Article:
5. Bet on the Ponies at Hasting Park

Similar to Nat Bailey Stadium, Hastings Park is a Vancouver icon. The vintage race track has been around since 1947, making it a popular attraction even without the horse races.

We’re not big into gambling but love spending the afternoon at Hastings Park because of its great views and entertaining atmosphere. It’s free to enter, so we don’t mind putting a couple bucks on the ponies, which adds to the excitement of the Hastings experience.

It’s easy to get to the park by public transit and it neighbours Playland, Vancouver’s infamous amusement park, so you can make it a full day by combing the two activities.

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6. Whale Watching and Fish & Chips in Steveston

Steveston is a charming fishing village in south Richmond, located south of Vancouver. It’s the departure point for many Whale Watching tours that explore the Gulf Islands and the San Juan islands. We went on a tour last summer and saw a pod of Orcas hanging out in their natural habitat – a very cool experience!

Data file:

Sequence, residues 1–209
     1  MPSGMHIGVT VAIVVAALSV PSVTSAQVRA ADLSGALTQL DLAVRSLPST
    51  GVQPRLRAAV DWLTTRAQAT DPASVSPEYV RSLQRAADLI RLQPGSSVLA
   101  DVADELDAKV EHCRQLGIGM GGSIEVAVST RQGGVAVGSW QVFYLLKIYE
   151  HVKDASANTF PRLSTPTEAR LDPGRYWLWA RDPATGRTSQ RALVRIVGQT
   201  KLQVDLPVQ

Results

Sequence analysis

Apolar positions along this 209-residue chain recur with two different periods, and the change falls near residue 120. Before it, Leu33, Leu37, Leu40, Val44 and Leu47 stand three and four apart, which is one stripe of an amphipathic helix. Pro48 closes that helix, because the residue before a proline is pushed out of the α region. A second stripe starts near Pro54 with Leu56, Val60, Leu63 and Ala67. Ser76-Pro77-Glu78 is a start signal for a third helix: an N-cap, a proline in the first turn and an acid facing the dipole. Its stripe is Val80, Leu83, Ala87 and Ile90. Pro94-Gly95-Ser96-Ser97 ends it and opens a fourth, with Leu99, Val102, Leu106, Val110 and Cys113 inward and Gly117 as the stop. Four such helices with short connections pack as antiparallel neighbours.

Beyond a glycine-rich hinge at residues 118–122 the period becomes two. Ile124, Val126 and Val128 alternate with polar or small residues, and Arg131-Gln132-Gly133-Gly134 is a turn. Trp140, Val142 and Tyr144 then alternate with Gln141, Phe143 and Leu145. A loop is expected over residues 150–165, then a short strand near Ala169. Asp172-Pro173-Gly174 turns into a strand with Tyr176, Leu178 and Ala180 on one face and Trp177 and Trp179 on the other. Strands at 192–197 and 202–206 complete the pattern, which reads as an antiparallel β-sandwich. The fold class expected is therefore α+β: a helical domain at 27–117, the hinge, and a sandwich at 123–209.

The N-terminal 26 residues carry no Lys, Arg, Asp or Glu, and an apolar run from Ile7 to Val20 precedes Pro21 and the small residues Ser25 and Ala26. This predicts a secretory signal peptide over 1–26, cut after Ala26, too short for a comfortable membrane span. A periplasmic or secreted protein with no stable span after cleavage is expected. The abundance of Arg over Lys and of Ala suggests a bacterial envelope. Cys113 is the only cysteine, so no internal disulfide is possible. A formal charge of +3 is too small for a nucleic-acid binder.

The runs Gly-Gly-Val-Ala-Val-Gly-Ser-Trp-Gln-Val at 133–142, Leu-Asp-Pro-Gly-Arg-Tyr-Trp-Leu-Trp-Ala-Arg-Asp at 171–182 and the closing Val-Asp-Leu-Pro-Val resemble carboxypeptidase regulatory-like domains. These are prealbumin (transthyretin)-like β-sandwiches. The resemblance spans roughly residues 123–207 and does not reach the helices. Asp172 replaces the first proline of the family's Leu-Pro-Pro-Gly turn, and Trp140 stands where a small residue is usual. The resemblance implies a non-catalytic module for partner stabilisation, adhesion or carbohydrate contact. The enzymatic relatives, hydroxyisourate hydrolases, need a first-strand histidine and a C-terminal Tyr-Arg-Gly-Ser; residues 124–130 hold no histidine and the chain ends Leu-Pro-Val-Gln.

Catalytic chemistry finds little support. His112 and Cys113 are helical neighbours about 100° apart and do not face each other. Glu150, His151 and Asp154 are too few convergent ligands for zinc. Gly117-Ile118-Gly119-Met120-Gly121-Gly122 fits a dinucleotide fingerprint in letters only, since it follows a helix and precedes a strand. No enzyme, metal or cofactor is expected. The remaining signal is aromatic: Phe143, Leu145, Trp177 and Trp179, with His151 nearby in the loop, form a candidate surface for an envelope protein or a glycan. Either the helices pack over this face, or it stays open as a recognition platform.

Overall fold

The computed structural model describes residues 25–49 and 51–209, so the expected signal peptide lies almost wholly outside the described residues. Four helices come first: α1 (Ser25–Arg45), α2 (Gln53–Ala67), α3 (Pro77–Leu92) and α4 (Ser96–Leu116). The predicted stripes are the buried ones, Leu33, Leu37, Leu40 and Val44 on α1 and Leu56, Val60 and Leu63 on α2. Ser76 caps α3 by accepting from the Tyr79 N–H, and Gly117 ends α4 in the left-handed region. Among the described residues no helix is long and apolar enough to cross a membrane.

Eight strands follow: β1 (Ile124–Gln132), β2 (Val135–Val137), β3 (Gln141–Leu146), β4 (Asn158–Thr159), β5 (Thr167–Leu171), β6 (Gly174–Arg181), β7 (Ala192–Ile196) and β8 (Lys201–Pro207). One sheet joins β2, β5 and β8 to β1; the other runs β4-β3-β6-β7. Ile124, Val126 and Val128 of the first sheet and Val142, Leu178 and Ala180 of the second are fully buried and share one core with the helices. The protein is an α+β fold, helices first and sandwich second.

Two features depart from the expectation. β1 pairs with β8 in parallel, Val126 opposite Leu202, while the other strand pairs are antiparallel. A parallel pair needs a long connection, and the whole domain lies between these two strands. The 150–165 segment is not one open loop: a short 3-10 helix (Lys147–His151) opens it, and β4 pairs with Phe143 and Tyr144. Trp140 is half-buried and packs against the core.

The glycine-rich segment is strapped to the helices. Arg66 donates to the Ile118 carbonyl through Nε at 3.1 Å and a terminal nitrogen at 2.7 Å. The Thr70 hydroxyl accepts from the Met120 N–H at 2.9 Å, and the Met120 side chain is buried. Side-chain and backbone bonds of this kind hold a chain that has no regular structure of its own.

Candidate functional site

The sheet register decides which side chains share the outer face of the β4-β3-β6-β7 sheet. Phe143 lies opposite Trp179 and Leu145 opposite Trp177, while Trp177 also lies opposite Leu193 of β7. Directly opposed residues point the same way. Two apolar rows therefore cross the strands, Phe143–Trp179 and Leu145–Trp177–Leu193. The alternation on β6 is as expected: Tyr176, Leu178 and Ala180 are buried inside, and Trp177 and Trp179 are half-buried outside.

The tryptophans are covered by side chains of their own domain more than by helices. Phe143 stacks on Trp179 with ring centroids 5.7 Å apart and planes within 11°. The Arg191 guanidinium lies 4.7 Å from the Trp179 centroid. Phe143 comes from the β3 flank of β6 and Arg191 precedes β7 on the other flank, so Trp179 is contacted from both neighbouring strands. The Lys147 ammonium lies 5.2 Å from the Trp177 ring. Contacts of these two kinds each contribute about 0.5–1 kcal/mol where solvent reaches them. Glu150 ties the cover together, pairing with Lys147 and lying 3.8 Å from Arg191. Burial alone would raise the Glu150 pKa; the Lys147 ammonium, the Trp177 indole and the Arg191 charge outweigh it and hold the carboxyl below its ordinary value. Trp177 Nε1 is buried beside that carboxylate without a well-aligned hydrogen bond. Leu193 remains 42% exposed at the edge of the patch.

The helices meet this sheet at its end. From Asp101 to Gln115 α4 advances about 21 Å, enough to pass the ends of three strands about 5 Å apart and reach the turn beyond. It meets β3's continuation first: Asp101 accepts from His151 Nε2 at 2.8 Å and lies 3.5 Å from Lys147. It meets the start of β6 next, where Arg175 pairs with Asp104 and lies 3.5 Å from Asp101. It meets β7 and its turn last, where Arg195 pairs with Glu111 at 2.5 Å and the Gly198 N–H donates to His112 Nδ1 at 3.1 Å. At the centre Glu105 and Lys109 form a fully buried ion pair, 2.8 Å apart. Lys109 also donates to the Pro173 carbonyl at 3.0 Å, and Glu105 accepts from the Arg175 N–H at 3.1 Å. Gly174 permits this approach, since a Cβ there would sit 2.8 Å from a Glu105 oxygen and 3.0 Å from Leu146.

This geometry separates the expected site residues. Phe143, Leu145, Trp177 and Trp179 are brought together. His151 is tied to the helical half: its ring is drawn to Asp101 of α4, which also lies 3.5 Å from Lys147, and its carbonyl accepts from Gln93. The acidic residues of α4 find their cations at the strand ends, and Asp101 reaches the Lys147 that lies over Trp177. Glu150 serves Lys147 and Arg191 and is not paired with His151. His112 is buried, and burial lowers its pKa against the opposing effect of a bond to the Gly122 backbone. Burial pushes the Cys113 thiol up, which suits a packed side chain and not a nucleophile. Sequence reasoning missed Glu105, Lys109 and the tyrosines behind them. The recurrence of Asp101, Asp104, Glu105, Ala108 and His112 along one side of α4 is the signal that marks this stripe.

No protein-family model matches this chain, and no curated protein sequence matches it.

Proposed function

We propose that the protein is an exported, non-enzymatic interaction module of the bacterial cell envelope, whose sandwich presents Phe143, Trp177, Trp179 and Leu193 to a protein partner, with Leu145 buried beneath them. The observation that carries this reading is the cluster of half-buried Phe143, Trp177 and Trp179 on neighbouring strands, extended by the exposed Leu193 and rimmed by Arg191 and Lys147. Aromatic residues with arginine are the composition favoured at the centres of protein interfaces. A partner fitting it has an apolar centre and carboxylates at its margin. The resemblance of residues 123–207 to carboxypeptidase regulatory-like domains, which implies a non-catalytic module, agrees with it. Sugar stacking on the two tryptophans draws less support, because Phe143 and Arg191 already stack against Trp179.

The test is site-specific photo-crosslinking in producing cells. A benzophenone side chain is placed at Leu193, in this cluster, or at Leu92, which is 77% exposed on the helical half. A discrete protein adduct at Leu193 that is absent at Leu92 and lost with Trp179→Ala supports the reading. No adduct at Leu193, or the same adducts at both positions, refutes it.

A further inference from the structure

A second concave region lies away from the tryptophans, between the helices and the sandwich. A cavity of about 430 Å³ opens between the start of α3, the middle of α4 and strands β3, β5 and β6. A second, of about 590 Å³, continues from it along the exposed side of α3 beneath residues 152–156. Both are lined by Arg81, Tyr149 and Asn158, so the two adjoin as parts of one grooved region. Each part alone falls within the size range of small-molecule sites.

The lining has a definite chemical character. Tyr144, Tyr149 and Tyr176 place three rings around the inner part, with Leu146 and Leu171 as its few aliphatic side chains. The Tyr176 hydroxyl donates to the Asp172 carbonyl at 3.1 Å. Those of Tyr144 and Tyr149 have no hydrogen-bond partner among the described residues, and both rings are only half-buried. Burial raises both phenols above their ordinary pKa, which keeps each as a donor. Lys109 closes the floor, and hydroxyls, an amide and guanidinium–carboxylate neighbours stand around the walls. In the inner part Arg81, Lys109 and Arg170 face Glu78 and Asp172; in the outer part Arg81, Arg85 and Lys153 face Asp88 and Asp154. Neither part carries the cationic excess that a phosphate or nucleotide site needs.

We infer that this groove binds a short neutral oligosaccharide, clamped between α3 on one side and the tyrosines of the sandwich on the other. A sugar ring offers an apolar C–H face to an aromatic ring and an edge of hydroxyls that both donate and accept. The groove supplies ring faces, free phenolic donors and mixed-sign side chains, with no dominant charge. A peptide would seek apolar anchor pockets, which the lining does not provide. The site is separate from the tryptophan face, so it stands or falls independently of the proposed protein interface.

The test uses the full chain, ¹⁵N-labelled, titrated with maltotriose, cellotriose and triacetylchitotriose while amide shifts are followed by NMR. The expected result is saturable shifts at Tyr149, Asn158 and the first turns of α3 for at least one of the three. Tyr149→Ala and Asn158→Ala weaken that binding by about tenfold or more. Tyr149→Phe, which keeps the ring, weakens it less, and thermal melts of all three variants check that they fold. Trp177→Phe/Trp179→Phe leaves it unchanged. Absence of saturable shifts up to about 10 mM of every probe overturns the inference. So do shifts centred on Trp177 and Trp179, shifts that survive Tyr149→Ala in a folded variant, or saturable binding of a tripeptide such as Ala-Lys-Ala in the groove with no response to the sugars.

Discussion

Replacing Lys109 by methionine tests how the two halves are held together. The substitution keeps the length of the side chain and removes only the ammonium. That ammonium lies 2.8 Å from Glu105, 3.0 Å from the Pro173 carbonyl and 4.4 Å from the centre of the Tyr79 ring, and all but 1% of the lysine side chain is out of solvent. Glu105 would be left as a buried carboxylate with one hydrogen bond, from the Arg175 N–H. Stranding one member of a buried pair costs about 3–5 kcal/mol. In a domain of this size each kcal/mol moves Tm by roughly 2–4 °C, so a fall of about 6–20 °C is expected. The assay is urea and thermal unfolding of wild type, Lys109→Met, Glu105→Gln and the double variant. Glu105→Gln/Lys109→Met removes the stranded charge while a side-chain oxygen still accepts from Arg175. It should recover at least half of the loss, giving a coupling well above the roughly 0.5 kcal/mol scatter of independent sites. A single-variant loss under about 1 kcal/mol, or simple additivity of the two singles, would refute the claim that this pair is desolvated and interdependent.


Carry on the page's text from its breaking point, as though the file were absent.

Steveston is an active fishing harbour so you can walk the docks and purchase fresh seafood directly from the fishing boats (you won’t find better prices anywhere!).

On a sunny afternoon, we like to visit the village and indulge in fresh fish and chips, then walk off lunch along the popular pier. As the photos below illustrate, it’s not a bad way to spend an afternoon outside the city and yet another reminder why we love living in British Columbia.

Fish and Chips in Steveston

Steveston Fishing Village Vancouver

 

What are your favourite things to do your home city?
Share your comments below!

 

About Traveling Canucks

Cam and Nicole Wears are newbie parents living in beautiful Vancouver, British Columbia. A passion for travel and outdoor adventure has taken them to over 65 countries on 6 continents in the past 10 years. Learn more about their story here. Follow them on Google+ and subscribe to their travel newsletter.